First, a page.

Some months ago, you signed up for my book club list. Since spring and summer seem like so long ago, you might remember that the book club had two phases:
- In spring, we read books on the equity-catapulting power of knowledge-rich curricula and learning experiences:
- In summer, we read books on an assortment of topics:
And then August hit… and things have been a blur since, haven't they? My work in my district and classroom proved far more intense than I anticipated, and the hopes I had for great discussions around these books — asynchronously on the discussion platform, synchronously via Zoom — remained wholly unrealized.
For that I am so sorry. I know that many of you were so excited about the August discussions. I did not adequately count the time cost of running the summer book club, and I was even poorer at anticipating the great costs in time and energy of The Start of 2020-2021.
(I did have one livestream with one of the authors, though — Matt Kay. The recording is here.)
Moving ahead: books that helped in October
What I'd like to do today is just share with you a list of books that have helped me this past month.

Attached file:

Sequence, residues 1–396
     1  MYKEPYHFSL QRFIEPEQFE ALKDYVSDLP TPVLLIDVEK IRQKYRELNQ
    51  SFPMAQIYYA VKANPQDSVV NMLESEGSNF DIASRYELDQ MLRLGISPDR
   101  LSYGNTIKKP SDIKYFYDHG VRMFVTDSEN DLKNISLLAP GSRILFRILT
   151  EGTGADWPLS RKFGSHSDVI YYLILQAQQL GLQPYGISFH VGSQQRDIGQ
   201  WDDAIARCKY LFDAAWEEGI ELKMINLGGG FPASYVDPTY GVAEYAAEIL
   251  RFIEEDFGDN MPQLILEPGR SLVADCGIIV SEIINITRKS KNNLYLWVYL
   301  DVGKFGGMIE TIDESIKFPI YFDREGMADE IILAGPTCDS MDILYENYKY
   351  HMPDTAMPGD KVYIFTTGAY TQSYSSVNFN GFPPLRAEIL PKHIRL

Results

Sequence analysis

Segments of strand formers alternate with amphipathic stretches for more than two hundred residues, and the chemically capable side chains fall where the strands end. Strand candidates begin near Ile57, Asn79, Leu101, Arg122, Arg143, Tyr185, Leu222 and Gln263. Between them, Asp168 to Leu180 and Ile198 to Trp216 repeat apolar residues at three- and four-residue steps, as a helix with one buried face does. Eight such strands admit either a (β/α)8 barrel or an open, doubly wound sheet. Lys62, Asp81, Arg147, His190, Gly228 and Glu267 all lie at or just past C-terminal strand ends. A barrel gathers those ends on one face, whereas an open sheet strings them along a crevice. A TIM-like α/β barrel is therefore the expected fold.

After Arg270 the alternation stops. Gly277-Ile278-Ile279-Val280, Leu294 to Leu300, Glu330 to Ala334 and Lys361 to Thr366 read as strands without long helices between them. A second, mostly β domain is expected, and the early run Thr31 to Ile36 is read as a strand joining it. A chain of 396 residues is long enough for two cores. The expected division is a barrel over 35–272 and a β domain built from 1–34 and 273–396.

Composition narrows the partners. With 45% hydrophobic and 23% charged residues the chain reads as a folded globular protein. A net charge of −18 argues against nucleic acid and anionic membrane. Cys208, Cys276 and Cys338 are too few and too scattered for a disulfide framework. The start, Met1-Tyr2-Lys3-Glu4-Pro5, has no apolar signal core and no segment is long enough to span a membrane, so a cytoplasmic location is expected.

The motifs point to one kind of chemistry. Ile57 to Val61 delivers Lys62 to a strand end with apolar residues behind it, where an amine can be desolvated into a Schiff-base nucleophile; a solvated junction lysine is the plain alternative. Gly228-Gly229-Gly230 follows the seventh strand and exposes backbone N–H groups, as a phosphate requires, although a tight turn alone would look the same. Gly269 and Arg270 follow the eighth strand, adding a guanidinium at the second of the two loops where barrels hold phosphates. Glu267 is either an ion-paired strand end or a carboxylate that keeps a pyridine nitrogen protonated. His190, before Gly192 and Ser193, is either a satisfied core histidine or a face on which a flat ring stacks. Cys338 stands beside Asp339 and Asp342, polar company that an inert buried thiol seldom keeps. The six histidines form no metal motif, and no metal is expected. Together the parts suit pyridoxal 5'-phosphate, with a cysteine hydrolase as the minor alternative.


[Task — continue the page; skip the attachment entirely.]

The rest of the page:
Make Time: How to Focus On What Matters Every Day, by Jake Knapp and John Zeratsky
When I was in the thick of the inner battle of starting 2020-2021, I saw Make Time on my shelf, pulled it off, opened it up to someplace near the middle, and started reading. (I love reading like this.) I was quickly reminded of the great qualities of this book — the frequent speech bubbles from the authors, which give the book's concepts and strategies proper nuance; the hand-drawn illustrations, which keep the topic of time management light and enjoyable; the divergent interests of the authors (one cares about time because he likes restoring sailboats with his spouse; the other cares about time because he wants to write novels and also be a good dad and husband); the way the authors have of naming concepts (e.g., any app or website that is capable of sucking in more of your time than you expected to give, or which has near-infinite content, or which is always refreshing is an infinity pool).
All lovely features. I've been grateful for the authors' ability to give me something to chew on, something that helps, no matter where I pick up and start reading from. Helpful for teaching, helpful for life: for these reasons, it's been in my teacher bag for most of the past month.